(Reuters) - Edmonton Oilers forward Connor McDavid was named the Most Valuable Player in the National Hockey League on Wednesday after the 20-year-old’s points-scoring exploits helped carry his team into the post-season.
McDavid overcame Pittsburgh Penguins captain Sidney Crosby and Columbus Blue Jackets goalie Sergei Bobrovsky to become the third youngest winner of the prestigious Hart Trophy award.
Crosby and nine-time winner Wayne Gretzky were both 19 when they picked up the award for the first time.
“It’s amazing to receive this from Wayne, the greatest player of all-time,” McDavid said when presented the award by ‘The Great One’ at a post-season presentation ceremony at T-Mobile Arena in Las Vegas.
In his second season in the NHL, McDavid was the league’s top scorer with 100 points (30 goals and 70 assists) in 82 games as Edmonton returned to the playoffs for the first time in 11 seasons.
“I’m so proud to play in Edmonton, so proud to be an Oiler, and so proud to play with the guys,” said the Ontario-born center, who also won the Ted Lindsay award for best player in the league, in a vote of his peers.
He was an overwhelming choice for the Hart Trophy of the 167-person voting panel of ice hockey writers, receiving 147 first place votes.
Russian Bobrovsky did not leave the awards ceremony empty-handed, though, as he was named the Vezina Trophy winner as the league’s best goalie for the second time in four years.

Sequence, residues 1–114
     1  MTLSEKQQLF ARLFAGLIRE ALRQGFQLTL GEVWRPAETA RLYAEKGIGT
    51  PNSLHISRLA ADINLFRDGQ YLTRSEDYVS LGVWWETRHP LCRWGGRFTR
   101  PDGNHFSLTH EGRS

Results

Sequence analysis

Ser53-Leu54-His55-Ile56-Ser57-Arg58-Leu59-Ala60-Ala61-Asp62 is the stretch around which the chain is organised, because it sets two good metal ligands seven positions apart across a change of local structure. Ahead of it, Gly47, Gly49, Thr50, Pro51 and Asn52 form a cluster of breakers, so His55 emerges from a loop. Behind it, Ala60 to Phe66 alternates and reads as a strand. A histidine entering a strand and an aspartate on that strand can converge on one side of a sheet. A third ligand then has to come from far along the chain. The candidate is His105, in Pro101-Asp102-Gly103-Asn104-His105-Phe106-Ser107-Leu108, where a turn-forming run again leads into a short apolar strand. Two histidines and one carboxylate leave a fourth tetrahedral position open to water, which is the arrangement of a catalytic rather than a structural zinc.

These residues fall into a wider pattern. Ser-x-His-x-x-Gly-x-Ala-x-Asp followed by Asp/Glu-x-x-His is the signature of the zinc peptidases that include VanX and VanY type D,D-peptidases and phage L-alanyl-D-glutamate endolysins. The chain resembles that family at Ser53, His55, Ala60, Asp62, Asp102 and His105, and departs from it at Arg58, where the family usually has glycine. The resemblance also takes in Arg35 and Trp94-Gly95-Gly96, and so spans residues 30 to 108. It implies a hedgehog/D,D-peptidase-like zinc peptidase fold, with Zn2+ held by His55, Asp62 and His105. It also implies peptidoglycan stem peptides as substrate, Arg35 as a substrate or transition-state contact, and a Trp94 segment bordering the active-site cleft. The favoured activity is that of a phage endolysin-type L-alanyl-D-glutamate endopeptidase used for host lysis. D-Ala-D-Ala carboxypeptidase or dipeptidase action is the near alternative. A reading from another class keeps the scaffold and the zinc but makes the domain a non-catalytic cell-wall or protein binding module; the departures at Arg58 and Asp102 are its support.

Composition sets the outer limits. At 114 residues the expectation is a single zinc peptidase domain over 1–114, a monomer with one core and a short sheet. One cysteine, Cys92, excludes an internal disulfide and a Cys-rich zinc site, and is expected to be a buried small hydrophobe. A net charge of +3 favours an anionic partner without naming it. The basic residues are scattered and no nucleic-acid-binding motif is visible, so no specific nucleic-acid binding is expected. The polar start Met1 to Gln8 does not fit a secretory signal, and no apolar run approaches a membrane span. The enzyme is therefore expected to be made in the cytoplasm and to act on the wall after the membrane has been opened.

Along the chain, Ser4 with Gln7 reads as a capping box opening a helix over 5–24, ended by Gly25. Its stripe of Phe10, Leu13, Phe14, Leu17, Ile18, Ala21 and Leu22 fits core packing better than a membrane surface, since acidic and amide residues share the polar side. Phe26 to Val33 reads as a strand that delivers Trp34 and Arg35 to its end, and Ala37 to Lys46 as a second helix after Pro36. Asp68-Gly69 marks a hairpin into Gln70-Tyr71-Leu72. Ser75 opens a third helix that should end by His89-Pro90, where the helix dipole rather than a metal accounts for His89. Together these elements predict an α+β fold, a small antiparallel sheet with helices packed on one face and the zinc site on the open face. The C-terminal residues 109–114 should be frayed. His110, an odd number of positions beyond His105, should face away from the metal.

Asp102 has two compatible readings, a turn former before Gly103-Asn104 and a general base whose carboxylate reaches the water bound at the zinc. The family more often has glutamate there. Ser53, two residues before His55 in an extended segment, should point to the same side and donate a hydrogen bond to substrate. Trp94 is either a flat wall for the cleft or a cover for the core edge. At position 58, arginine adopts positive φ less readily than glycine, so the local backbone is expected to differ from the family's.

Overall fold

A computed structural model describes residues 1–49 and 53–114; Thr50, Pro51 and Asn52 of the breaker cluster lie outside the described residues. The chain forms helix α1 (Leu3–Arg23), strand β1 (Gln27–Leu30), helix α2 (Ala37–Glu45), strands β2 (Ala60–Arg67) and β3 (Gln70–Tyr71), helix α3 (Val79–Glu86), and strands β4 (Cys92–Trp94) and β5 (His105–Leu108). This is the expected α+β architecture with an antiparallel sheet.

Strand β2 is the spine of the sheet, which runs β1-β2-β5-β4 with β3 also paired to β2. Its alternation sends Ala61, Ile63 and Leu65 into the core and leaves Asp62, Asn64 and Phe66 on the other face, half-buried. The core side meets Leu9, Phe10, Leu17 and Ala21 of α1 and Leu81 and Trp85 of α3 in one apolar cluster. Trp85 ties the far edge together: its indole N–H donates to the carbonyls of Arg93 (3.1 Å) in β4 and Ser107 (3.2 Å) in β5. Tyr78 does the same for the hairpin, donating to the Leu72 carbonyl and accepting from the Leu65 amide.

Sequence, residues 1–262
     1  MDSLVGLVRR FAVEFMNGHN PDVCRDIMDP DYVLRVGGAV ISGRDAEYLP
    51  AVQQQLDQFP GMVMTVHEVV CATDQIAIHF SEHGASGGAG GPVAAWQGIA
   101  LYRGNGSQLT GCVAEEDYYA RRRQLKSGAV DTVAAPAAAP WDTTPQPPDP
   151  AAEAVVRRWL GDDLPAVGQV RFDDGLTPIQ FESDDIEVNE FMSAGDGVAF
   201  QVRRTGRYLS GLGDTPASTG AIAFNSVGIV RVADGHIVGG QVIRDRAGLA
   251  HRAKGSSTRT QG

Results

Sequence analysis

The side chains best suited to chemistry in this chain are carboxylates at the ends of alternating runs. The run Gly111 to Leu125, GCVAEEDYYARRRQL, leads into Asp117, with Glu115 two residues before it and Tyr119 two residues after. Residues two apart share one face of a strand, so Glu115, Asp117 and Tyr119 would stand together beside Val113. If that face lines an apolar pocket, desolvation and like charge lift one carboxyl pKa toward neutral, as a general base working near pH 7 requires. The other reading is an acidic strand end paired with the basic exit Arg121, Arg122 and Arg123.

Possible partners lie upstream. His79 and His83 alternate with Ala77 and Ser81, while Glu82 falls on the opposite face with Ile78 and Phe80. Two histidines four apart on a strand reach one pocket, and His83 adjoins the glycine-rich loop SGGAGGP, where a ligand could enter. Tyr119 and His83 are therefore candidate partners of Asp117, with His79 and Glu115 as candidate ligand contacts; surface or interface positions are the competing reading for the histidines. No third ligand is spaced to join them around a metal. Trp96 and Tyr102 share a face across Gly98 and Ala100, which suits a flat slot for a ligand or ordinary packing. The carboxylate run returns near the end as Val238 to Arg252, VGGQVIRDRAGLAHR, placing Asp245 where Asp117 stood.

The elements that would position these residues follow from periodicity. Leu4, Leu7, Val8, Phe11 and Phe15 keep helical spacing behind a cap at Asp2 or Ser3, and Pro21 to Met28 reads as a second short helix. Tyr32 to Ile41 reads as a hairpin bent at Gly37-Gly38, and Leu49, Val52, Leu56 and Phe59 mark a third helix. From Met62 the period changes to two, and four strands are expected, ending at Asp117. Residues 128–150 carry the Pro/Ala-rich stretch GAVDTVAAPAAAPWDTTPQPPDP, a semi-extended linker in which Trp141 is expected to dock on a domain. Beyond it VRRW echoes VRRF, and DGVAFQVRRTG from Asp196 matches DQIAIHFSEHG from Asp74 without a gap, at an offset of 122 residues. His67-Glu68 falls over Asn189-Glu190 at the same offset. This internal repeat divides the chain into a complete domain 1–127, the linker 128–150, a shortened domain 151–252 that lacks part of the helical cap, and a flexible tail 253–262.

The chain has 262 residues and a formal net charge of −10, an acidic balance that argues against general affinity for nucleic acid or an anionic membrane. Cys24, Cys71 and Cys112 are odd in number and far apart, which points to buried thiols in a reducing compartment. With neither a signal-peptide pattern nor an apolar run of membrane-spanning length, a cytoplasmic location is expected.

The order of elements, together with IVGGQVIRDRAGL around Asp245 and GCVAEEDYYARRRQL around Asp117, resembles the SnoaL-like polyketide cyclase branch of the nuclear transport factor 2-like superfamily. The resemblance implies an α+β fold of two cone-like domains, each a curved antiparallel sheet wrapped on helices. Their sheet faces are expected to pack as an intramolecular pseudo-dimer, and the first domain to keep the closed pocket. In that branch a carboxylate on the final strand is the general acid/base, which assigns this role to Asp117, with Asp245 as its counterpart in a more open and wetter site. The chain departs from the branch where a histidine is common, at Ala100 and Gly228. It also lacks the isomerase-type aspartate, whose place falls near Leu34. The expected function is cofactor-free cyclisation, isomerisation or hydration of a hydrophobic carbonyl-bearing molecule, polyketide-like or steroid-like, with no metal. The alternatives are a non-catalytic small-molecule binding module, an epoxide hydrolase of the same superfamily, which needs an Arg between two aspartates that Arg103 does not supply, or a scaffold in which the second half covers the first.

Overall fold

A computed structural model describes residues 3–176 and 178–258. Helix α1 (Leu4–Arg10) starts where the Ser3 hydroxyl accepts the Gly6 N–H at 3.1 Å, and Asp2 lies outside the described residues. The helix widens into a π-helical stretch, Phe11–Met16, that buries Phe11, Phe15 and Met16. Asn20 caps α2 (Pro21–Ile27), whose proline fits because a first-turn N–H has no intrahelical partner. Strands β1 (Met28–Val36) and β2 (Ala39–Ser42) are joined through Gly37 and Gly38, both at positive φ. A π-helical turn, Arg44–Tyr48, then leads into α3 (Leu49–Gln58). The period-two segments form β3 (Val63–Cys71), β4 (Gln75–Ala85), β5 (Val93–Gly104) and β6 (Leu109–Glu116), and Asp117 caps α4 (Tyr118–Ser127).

He had the league’s best goals-against average of 2.06.
The Jack Adams award for best coach also went to the Blue Jackets, with John Tortorella taking home the trophy, while Auston Matthews of the Toronto Maple Leafs won the Calder Trophy as the top rookie.
Along with the awards ceremony, the first expansion draft picks by the Vegas Golden Knights were revealed with veteran goalie Marc-Andre Fleury and forward James Neal perhaps the two biggest names acquired by the new franchise.
The duo make the move barely a week after being on opposing teams in the Stanley Cup Final.
“Really excited to get this started,” said former number one overall draft pick Fleury, who won three Stanley Cups with the Pittsburgh Penguins.
Neal joins the Knights from Nashville after scoring at least 20 goals in each of his nine NHL seasons, the last three with the Predators.
Under the draft expansion rules, Las Vegas picked one available player from each of the other 30 NHL teams.
“We had two objectives,” general manager George McPhee said.
“The first was to put a team on the ice that was entertaining and competitive, and one that the NHL and Las Vegas can be proud of.
“The second objective was to acquire prospects and surplus draft picks that can help us draft our way to success.”
The Knights will play their first NHL game on Oct. 10.
Reporting by Andrew Both in Cary, North Carolina; Editing by John O'Brien